Canadian Manufacturing

May Day protests erupt across the globe as workers demand rights amid economic strain

by Mehmet Guzel and Hyung-jin Kim   

Human Resources Manufacturing News Regulation Public Sector Business economic strain Economy international protests May Day political demands Workers Rights

May Day, which falls on May 1, is observed to celebrate workers' rights and to air economic grievances or political demands.

People around the world took to the streets on May 1 to mark May Day with protests over the pressure of rising prices and calls for greater labour rights. Pro-Palestinian sentiments were also on display.

Police in Istanbul used tear gas and fired rubber bullets to disperse thousands of people who tried to break through a barricade and reach the main Taksim square in defiance of a ban on celebrating Labor Day there. Interior Minister Ali Yerlikaya said on social platform X at least 210 people were detained.

May Day, which falls on May 1, is observed to celebrate workers’ rights. It’s also an opportunity to air economic grievances or political demands. “Tax the rich,” one banner in Germany read. “Don’t touch the eight-hour workday!” another read in Sri Lanka.

In Athens, several thousand protesters joined marches as labour strikes disrupted public transport and national rail services across Greece.


Pro-Palestinian protesters joined the rallies, waving a giant Palestinian flag as they marched past the Greek parliament. Others displayed banners in support of pro-Palestinian protesting students in the United States.

In Paris, thousands of protesters marched through the French capital, seeking better pay and working conditions. Pro-Palestinian groups and anti-Olympics activists joined the rally, chanting slogans in support for people in Gaza.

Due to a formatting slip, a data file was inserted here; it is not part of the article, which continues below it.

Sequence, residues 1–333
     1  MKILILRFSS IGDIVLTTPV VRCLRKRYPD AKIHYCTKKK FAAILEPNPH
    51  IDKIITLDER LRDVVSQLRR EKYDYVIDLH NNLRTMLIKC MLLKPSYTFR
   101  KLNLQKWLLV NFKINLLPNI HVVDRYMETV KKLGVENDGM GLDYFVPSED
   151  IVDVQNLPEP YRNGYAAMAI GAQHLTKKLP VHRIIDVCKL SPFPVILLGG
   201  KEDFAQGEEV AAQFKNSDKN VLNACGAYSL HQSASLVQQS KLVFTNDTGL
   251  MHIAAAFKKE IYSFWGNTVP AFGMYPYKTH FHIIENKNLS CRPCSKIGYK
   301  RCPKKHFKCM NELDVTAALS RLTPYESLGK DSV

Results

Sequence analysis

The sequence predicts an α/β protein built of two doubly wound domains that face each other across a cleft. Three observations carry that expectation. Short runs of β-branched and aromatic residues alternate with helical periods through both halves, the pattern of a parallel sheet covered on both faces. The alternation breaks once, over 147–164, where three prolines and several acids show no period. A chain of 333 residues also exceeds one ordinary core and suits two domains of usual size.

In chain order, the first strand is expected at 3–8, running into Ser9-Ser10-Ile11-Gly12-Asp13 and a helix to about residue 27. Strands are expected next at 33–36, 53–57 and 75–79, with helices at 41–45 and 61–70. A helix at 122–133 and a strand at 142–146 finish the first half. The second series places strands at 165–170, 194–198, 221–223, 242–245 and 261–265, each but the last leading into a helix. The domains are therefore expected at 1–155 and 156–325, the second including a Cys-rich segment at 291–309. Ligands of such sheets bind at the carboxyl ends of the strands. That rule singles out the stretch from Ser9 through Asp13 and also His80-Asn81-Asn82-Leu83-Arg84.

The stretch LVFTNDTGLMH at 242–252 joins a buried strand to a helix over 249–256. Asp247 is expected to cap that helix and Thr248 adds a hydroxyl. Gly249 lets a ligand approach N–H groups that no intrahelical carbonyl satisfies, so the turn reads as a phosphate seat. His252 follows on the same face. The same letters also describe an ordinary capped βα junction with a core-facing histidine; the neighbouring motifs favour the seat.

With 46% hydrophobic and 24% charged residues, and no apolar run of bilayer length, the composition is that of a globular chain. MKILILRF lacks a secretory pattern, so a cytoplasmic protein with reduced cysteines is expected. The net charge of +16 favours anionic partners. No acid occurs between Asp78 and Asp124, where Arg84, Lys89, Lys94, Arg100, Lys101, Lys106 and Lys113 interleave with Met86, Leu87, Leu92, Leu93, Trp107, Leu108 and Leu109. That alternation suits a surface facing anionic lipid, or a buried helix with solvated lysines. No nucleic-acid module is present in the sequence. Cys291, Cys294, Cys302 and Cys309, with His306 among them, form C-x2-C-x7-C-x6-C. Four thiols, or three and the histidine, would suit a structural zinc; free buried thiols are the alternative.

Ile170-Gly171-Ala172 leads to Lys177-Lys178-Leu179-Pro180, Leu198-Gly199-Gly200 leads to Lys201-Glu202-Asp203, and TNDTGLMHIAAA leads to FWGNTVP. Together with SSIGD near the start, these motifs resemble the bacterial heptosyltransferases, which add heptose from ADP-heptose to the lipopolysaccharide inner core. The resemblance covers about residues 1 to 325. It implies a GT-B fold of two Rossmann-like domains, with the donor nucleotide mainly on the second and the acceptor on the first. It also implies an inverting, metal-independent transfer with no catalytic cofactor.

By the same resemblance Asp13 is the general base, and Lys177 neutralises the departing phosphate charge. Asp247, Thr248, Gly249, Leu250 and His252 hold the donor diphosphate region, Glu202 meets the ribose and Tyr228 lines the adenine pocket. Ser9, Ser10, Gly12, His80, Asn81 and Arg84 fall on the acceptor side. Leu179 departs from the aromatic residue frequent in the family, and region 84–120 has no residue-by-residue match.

A group of protesters set a makeshift Olympic rings on fire to show discontent with the Summer Games that start in less than three months. France’s unions have warned of a strike during the Games if the government does not adequately compensate people forced to work during summer holidays.

In South Africa, pro-Palestinian demonstrators joined May Day events. In Kenya, President William Ruto called for an increase in the country’s minimum wage. In Iraq, protesters demanded better wages, the reopening of closed factories and the end to privatization of certain businesses.

In Lebanon, pro-Palestinian marchers mingled with workers demanding an end to a miserable economic crisis. “Politicians do not feel the pain of the worker or the economic conditions,” said one demonstrator, Abed Tabbaa.

In Indonesia, workers demanded protections for migrant workers abroad and a minimum wage raise. They gathered amid a tight police presence, chanting slogans against the new Job Creation Law and loosened outsourcing rules during a march to Jakarta’s main sports stadium.

In South Korea’s capital, thousands of protesters shouted pro-labor slogans at a rally that organizers said was meant to step up criticism of what they call anti-labor policies pursued by President Yoon Suk Yeol’s conservative government.

Union members criticized Yoon’s December veto of a bill aimed at limiting companies’ rights to seek compensation for damages caused by union strikes. The government also has vowed to sternly deal with illegal strikes.

In Japan, more than 10,000 people gathered in Tokyo, demanding salary increases to set off price increases. Masako Obata, leader of the left-leaning National Confederation of Trade Unions, said dwindling wages have widened income disparities.

In the Philippines, hundreds of workers and left-wing activists marched to demand wage increases and job security amid soaring food and oil prices. Riot police stopped them from getting close to the presidential palace.


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